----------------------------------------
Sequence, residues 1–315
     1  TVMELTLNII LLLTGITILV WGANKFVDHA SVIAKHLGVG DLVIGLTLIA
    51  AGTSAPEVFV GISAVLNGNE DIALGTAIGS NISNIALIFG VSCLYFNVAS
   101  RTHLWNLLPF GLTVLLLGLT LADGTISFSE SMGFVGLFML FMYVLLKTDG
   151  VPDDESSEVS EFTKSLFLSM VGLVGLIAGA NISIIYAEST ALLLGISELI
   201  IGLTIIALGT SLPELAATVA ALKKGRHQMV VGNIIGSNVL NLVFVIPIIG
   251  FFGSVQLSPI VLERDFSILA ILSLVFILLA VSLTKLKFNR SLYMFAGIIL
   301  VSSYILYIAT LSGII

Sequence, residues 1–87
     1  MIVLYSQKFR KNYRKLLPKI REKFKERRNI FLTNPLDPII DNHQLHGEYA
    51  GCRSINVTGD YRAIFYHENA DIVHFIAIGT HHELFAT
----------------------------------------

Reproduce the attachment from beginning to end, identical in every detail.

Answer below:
Sequence, residues 1–315
     1  TVMELTLNII LLLTGITILV WGANKFVDHA SVIAKHLGVG DLVIGLTLIA
    51  AGTSAPEVFV GISAVLNGNE DIALGTAIGS NISNIALIFG VSCLYFNVAS
   101  RTHLWNLLPF GLTVLLLGLT LADGTISFSE SMGFVGLFML FMYVLLKTDG
   151  VPDDESSEVS EFTKSLFLSM VGLVGLIAGA NISIIYAEST ALLLGISELI
   201  IGLTIIALGT SLPELAATVA ALKKGRHQMV VGNIIGSNVL NLVFVIPIIG
   251  FFGSVQLSPI VLERDFSILA ILSLVFILLA VSLTKLKFNR SLYMFAGIIL
   301  VSSYILYIAT LSGII

Sequence, residues 1–87
     1  MIVLYSQKFR KNYRKLLPKI REKFKERRNI FLTNPLDPII DNHQLHGEYA
    51  GCRSINVTGD YRAIFYHENA DIVHFIAIGT HHELFAT